How do you see change coming about? You were sacked as a UK government adviser for comparing the risks of horse riding with taking MDMA. Should recreational-drug laws be relaxed? Profile David Nutt is the Edmond J. Promoted Stories. Experts Tell the Truth about Pot. IN THE CLASSIC 1936 cult film Reefer Madness, well-adjusted high school students who try marijuana suddenly sink into a life of addiction, promiscuity, aggression, academic failure, homicide and mental illness.
The movie concludes with the ominous warning that “The dread marijuana may be reaching forth next for your son or daughter ... or yours ... or YOURS!” Newspaper headlines of the day often reflected a similar sentiment. On February 10, 1938, a headline in the Beloit (Wisc.) Daily News read, “Authorities Warn against Spread of Marijuana Habit—Insanity, Degeneracy and Violence Follow Use of Weed.” Such a position on pot seems extreme. How Many Get Hooked? Given the drug’s growing popularity, many people have long been concerned about its potential dangers and, in particular, whether it can be addictive. A number of investigators have addressed this issue and found that only a relatively small percentage of those who try marijuana will become addicted.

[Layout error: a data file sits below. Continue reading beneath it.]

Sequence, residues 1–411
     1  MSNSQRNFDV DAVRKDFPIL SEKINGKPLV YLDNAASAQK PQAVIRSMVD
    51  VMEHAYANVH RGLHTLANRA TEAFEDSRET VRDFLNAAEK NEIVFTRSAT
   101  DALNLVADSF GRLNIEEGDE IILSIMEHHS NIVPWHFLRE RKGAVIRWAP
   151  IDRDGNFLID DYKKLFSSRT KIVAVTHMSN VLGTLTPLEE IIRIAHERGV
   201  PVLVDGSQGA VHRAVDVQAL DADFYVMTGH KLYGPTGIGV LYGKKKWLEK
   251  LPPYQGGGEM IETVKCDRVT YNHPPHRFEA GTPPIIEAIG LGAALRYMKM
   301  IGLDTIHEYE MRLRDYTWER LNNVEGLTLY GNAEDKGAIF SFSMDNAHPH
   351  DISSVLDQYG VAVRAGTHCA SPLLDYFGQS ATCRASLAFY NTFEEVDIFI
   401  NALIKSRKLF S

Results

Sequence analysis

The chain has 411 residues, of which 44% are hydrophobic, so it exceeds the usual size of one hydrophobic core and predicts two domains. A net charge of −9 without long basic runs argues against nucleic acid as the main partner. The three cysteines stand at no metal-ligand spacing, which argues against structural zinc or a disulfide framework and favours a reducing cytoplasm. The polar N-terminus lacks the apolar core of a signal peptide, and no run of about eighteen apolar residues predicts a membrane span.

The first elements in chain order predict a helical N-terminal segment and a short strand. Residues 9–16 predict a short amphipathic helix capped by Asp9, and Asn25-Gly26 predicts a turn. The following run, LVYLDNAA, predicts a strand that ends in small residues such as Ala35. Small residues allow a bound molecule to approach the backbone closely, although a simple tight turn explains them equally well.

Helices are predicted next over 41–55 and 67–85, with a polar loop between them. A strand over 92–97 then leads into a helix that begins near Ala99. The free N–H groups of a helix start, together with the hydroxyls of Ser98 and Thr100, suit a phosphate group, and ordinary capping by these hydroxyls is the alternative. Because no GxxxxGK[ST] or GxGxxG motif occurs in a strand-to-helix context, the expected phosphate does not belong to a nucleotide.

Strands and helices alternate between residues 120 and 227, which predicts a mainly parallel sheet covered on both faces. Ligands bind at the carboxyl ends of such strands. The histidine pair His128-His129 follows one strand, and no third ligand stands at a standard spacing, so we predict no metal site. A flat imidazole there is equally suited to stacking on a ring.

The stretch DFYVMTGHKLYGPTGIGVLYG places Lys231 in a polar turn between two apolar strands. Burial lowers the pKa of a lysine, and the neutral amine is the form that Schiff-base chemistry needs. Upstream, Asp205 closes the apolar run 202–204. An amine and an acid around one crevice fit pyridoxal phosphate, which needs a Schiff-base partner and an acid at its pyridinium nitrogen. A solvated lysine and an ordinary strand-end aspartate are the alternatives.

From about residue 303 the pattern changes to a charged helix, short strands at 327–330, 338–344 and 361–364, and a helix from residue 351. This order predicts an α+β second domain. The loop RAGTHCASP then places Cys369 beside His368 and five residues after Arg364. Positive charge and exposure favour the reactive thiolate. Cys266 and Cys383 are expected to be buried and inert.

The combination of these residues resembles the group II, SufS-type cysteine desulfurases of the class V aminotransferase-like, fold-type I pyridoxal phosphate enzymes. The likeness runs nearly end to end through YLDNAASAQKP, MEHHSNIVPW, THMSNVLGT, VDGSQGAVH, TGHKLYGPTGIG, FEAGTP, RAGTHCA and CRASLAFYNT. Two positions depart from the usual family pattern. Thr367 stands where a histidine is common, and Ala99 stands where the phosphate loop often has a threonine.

The New Dealers. Photo Illustration: William Duke For some time, I'd been hearing stories from my sources in the interstate marijuana racket about law-abiding "civilians" turning to the game because of the recession, and so, armed with introductions, I hit the road to meet some of these unlikely criminals face to face.
That's how, on a hot evening in June, I found myself in Dan's Northern California kitchen. Dan isn't his real name. Nor are any of the names in this story, for obvious reasons. But his situation is a familiar, harsh reality for many Americans, as I learned while doing research for my recent novel on this subject. Today, Dan's toys are gone, sold to support an underwater mortgage. "There were no jobs. Keeping the house has been Dan's only real goal since 2008, when he was laid off. From his window, I can see the jagged outline of the Klamath range far off to the northwest. About a year and a half ago at a wedding, an acquaintance approached Dan with a solution to his financial woes. How (Not) To Deal with Drug Kingpins. Shipping Mexican cartel bosses to the U.S. for prosecution could be a recipe for more violence.